Without a clear, verifiable way to prove one’s identity online, cybercrime related to identity theft or impersonation has ballooned, affecting individuals, businesses, and the allocation of public benefits. In addition to mitigating the costs of fraud to individuals, businesses, and taxpayers, a digital identity infrastructure can also unlock vast economic upside if designed with interoperability, security, and privacy.
The Federal Trade Commission data in the Consumer Sentinel Network reports that consumers lost over $5.8 billion to fraud in 2021, which represents an increase of over 70% compared to 2020.
The line graph below demonstrates total losses attributed to "Imposter Scams" in fraud reports to the Federal Trade Commission (FTC), broken down by different subcategories of Imposter Scams.
Source: Federal Trade Commission, Fraud Reports
Additionally, there is a surge of identity-related fraud in accessing public benefits and financial assistance. Since the onset of the COVID-19 pandemic, unemployment insurance (UI) fraud has grown astonishingly.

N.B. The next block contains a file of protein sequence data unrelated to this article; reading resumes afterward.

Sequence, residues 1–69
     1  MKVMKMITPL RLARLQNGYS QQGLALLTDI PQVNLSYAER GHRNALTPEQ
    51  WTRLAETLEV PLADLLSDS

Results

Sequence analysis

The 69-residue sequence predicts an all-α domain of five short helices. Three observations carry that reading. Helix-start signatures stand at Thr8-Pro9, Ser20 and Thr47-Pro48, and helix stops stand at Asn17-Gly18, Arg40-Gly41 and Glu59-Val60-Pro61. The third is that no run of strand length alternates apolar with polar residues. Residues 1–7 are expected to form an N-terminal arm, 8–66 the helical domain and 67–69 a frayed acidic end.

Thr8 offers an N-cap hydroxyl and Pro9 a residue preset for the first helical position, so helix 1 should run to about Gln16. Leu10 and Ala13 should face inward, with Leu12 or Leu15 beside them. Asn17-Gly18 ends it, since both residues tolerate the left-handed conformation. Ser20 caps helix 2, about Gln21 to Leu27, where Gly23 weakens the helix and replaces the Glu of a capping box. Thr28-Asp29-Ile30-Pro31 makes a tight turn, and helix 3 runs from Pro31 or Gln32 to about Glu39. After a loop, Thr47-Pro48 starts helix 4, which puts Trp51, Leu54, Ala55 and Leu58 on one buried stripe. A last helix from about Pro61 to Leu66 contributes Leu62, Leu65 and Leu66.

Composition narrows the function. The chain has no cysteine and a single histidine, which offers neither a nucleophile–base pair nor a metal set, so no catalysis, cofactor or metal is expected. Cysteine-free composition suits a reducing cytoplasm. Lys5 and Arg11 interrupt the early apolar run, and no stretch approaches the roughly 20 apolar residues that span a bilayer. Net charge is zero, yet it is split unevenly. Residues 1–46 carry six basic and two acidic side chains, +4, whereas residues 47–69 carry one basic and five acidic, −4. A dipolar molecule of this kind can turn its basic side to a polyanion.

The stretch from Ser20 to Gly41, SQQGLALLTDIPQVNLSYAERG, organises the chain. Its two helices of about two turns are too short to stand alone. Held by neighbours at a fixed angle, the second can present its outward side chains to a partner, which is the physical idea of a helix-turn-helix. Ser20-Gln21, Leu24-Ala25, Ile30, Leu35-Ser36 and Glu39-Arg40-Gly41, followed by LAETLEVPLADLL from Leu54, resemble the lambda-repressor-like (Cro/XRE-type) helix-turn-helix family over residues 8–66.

The U.S. Department of Labor's Inspector General states that of "the estimated $872.5 billion in pandemic UI funding, at least $163 billion in benefits could have been paid improperly, with a significant portion attributable to fraud."
Businesses and other organizations do not have a verifiable way to segment users, so they need to resort to storing user data on their own servers. This creates centralized honeypots which are ripe for bad actors looking to gain unauthorized access to personally identifiable information (PII).
According to a study by IBM, the average cost of a data breach for a company in the United States is $9.44 million, compared to the global average of $4.35 million. This total cost represents expenses such as legal fees, lost business, and damage to the company's reputation. For “mega-breaches” with between 50 to 60 million records affected, the average cost is $387 million.
The lack of trustworthy and secure digital identity is a massively costly global problem, for individuals, businesses, and governments alike. The threat of data breaches alone creates intense pressure for compliance and liability insurance for any businesses that touch personal data. This can be extremely prohibitive to businesses, innovation, and partnerships.